September was a particularly rough month for domestic textile manufacturers in North Carolina. Burke Mills, a yarn manufacturer for the apparel, home furnishings and industrial textile industries, let 130 workers go last month. Burke cited the general contraction of the domestic textile industry, declines in sales and a dearth of customers and potential customers as factors. Freudenberg Nonwovens also closed a North Carolina facility that resulted in the loss of 59 jobs.
As part of the announcement of worldwide layoffs of more than 8,000 workers, Hanesbrands Inc. said it would cease all its production of knit textiles in the U.S. The company closed a knit textile factory and a yarn plant in September that employed 610 workers. Another 135 workers at two other facilities are expected to lose their jobs before the end of the year. The last domestic knit textile plant the firm owns is slated to close next year, when an additional 600 jobs will be lost. All the announced layoffs were at facilities in North Carolina.
Jim Chesnutt, president and chief executive officer of National Spinning Co., which operates several yarn and dye plants in North Carolina, said, “Our bank is not pulling back on credit with us. I’m not concerned about my bank not taking care of my needs. I’m concerned for some of my customers.”
Chesnutt’s customers — knitters, weavers and sweater and hosiery manufacturers — have seen tightening in credit, which has trickled down to his company in the form of an extension of invoice due dates by several days.
Chesnutt also expects the slowdown at retail to eventually affect his business.
“I have to think there are marginal retailers out there that are going to have [credit] lines reduced,” said Chesnutt. “Their compliant banks are cutting back on their lines. It is more difficult to get lines for letters of credit and they’ve had to bring their inventories down.”
He said his hosiery business has seen a slowdown at retail, but his sweater and craft sales have been strong. Chesnutt said his business is now 60 percent textiles and 40 percent crafts.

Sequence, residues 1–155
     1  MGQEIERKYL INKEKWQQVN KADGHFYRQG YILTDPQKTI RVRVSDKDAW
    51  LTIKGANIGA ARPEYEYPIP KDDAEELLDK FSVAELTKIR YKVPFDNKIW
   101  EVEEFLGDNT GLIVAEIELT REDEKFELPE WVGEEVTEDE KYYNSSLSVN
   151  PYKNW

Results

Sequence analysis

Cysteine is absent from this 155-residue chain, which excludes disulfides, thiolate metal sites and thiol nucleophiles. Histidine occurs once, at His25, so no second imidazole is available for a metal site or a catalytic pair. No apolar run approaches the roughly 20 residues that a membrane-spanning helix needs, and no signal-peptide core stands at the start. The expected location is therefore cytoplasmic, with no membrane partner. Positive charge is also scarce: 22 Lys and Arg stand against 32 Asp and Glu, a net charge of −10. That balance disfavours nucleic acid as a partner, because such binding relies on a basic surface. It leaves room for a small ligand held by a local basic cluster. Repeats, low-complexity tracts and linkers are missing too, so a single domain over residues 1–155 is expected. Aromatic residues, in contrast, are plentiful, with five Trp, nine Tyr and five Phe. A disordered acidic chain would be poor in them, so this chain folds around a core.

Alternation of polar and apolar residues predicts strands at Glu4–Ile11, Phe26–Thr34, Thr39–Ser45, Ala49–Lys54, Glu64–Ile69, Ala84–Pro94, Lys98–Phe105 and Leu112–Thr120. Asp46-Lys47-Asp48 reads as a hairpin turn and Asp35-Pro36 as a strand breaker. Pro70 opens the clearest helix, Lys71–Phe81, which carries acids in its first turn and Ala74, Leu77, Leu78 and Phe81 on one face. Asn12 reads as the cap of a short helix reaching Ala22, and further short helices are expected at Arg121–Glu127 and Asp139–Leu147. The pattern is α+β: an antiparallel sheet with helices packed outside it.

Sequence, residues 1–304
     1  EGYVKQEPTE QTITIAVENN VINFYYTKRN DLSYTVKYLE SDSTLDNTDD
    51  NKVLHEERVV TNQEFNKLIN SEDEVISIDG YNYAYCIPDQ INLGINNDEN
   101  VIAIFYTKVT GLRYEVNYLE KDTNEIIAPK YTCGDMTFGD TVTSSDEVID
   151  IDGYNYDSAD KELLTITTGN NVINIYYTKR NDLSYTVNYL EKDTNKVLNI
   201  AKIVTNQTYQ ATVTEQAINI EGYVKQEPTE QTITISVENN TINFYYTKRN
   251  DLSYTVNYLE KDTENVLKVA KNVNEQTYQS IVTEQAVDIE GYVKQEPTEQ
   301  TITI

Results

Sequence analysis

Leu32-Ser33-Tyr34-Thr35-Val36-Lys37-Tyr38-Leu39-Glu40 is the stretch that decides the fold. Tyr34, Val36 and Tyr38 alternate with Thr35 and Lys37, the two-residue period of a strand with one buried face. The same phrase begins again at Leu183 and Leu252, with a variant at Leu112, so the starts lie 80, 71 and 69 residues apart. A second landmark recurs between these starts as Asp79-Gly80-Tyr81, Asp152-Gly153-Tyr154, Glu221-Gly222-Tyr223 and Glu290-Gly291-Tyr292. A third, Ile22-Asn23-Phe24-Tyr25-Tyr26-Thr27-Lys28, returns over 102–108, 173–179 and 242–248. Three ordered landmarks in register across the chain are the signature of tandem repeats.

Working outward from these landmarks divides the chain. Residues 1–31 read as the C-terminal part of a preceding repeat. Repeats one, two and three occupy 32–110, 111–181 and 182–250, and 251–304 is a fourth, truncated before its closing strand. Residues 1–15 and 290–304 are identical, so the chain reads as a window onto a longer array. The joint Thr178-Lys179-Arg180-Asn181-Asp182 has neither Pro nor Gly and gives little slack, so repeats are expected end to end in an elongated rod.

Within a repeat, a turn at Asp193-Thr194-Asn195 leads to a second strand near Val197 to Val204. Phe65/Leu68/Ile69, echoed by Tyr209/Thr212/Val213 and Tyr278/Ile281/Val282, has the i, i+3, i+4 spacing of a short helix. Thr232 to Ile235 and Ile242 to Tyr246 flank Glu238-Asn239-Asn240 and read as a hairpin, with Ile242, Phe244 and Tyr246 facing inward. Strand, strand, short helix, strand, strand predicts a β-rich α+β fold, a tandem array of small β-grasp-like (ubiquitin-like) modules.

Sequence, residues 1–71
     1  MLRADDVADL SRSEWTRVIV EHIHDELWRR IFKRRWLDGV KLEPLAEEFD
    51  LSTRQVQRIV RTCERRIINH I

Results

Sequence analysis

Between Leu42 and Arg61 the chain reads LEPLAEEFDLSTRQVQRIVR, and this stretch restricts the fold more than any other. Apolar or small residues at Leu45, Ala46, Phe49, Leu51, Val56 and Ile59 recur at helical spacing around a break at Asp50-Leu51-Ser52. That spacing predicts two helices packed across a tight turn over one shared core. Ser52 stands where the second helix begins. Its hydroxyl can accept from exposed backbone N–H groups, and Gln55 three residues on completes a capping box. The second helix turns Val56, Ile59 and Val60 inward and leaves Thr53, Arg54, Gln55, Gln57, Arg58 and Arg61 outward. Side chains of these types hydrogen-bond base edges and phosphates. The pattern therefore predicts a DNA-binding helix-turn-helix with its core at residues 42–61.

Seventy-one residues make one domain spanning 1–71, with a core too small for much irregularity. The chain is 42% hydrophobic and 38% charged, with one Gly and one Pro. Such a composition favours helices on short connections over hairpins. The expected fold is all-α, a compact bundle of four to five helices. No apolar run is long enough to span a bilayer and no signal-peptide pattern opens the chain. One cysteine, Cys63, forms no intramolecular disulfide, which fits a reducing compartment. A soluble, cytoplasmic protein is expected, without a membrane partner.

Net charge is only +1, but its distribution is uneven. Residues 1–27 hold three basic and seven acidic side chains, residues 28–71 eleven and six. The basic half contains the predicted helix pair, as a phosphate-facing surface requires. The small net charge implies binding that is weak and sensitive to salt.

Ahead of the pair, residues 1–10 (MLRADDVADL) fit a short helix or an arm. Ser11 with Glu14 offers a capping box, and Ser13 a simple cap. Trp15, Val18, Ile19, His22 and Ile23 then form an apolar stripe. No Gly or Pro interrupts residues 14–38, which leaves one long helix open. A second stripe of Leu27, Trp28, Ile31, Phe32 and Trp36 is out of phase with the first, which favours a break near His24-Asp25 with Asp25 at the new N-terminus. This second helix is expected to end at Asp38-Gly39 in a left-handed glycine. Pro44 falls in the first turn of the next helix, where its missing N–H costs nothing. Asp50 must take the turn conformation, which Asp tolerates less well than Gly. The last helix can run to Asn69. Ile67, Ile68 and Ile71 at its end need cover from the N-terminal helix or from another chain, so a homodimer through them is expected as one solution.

“I think who we’re seeing the biggest impact with is the newer and smaller companies that might have new relationships with their banks and lenders,” said Brian Meck, general manager of Fessler USA, a Pennsylvania mill that specializes in manufacturing fashion knit tops for customers such as Nordstrom, Lucky Brand and Urban Outfitters. “Established brands and retailers seem to be very stable and we’ve had no issues or delays.”
Meck recommended that smaller labels and designers look to partner more with their manufacturers to weather the storm. According to Meck, Fessler makes it a point to partner with small labels and start-ups, offering anything from inventory management to marketing and customer service support.
“If there’s somebody with a real business opportunity, we’d recommend they have a real heart-to-heart with their manufacturer,” said Meck. “We’re definitely open to ideas like that.”
Allen Gant Jr., ceo of Glen Raven Mills, said, “I don’t think there is any question that the credit market has tightened dramatically.”
Every industry is probably going to see an impact on their supply chain, he said, but the remaining question mark for everyone is still what effect the $700 billion bailout package approved by Congress will have.
“Credit problems are very pervasive,” Gant said. “There’s not a single issue in our lives that won’t be affected by it. But I’m optimistic. I believe this country needs immense leadership and we will find it. Eventually we will look back and say we can’t believe we got so close to the edge and didn’t fall over.”